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. Last Updated: 07/27/2016

Reports Tell Horror of Mao's Policies

The first of two parts


BEIJING -- The time was more than three decades ago; the place, a county in east-central China. A ferocious, abiding hunger had settled across much of the land, and top official Zhao Yushu issued this ruling: Children abandoned in roads and fields by their starving parents must be left to die.


People were so desperate in one Fengyang County commune during the monstrous famine, which was caused by Mao Tse-tung's 1958-60 Great Leap Forward, that on 63 occasions they ate others who had died -- or resorted to killing, carving up and eating their own children.


"In Damiao commune, Chen Zhangying and her husband Zhao Xizhen killed and boiled their 8-year-old son Xiao Qing and ate him," said a startling report that has recently become available in the West.


"In Wudian commune, Wang Lanying not only picked up dead people to eat, but also sold two jin (1 kilogram) from their bodies as pork."


The 581-page report detailing how the famine affected Fengyang in Anhui Province, prepared in 1989 by the Chinese Academy of Social Sciences for internal use by top Chinese officials, is just one example of material that has recently emerged about the staggering human toll exacted by Mao's policies.


This and other new evidence shows that the number of people who died in more than a dozen repressive, often violent political campaigns between 1950 and 1976 is millions higher than previously thought. According to some high estimates, Mao's repression, radicalism and neglect may have been responsible for up to 80 million deaths in this country of 1.2 billion people.


"I don't think we've yet come to grips with the horrors perpetrated by Mao," said Roderick MacFarquhar, a professor of government at Harvard University. While Stalin "is seen as someone who didn't deserve to be where he was. Mao is still seen as a heroic figure."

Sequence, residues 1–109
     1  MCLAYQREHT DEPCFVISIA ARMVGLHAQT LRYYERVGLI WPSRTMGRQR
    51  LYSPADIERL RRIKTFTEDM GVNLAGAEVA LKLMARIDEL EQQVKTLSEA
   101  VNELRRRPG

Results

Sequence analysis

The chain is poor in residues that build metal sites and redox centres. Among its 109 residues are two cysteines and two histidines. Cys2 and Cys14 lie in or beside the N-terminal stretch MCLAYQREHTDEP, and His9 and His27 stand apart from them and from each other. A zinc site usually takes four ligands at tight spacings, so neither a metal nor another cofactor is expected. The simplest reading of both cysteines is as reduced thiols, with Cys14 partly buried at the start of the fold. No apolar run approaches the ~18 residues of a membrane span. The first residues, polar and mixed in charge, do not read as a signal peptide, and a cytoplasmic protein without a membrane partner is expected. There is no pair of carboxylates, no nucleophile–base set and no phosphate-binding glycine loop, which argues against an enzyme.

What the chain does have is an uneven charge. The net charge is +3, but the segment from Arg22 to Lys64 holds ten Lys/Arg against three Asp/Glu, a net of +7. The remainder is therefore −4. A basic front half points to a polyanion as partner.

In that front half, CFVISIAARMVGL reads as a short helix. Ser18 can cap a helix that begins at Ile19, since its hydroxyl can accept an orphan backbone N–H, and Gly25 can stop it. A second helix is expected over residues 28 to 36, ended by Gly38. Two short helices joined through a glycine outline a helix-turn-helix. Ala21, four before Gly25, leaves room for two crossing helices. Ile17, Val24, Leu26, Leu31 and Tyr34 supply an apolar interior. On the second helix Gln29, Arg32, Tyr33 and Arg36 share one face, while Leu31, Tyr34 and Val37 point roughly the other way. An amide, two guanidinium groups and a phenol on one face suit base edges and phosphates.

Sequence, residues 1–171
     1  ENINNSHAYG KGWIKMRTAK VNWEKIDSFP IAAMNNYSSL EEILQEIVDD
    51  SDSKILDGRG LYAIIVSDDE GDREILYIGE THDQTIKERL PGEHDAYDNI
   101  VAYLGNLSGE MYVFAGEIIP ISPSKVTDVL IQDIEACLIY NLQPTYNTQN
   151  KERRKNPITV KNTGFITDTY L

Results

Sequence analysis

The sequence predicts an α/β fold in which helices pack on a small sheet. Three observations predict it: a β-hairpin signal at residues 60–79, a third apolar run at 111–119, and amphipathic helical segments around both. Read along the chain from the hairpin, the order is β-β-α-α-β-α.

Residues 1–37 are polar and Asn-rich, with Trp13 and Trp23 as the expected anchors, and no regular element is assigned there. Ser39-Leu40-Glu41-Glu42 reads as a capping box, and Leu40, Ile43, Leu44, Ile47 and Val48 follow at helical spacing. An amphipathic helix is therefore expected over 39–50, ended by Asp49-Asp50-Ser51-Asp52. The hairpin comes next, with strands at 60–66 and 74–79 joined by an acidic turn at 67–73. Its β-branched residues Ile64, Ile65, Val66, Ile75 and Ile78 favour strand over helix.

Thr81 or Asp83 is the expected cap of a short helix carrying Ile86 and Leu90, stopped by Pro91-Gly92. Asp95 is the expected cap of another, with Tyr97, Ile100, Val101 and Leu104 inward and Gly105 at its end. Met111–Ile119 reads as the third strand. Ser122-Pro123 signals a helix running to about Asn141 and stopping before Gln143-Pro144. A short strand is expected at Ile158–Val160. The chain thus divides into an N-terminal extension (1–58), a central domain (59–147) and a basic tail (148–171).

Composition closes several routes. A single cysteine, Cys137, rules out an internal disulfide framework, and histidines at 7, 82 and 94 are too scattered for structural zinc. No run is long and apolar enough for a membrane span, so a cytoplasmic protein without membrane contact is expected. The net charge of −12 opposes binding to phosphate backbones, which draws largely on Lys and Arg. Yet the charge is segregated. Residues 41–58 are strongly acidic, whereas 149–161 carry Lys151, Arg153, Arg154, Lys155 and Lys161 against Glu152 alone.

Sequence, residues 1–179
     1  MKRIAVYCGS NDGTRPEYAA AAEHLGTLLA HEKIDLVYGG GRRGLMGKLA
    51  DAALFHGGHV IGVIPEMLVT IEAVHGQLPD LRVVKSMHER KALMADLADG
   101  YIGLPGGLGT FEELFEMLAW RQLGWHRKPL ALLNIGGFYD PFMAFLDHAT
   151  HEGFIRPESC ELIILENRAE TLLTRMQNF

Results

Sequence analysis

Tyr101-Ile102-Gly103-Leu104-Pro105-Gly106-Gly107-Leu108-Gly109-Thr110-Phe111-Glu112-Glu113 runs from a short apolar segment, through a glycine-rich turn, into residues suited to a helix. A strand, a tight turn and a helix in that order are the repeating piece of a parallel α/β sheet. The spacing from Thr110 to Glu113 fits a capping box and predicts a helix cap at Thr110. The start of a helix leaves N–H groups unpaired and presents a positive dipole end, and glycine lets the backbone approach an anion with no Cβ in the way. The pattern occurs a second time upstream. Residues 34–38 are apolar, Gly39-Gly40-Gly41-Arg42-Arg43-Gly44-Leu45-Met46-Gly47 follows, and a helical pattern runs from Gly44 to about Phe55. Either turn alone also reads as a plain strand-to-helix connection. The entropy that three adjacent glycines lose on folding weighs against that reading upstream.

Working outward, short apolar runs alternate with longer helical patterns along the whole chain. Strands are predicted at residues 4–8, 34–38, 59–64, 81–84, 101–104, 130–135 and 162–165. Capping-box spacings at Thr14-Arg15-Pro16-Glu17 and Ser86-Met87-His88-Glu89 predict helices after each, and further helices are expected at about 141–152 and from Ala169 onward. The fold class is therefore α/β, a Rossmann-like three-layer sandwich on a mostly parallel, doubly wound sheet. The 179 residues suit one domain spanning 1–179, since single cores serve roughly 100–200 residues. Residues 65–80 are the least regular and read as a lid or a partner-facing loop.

Evidence that Mao, who died in 1976, caused tens of millions of deaths is potentially destabilizing for the present Chinese regime, which still draws its fundamental legitimacy from the guerilla leader who founded the People's Republic in 1949 after a bloody civil war. Senior leader Deng Xiaoping and other top authorities maintain that Mao's accomplishments far exceed his failures. In 1981, the Central Committee touched on the Great Leap in a carefully worded resolution, insisting the party's "general line" was "fundamentally correct." It admitted Mao's "gross mistakes" but said nothing about the famine.


In the view of Deng, exposing Stalin's crimes was one of Moscow's biggest mistakes. Thus Beijing has barred any close examination of Mao's misdeeds, although some scholars in China do so even though they cannot publish their findings.


At the time of the 20th century's most terrifying famine, which claimed tens of millions of lives across rural China between 1959 and 1961, few Sinologists in the West believed that massive starvation had resulted from the Great Leap Forward -- a utopian production drive in which Mao formed rural communes and ordered citizens to make iron and steel in primitive backyard furnaces.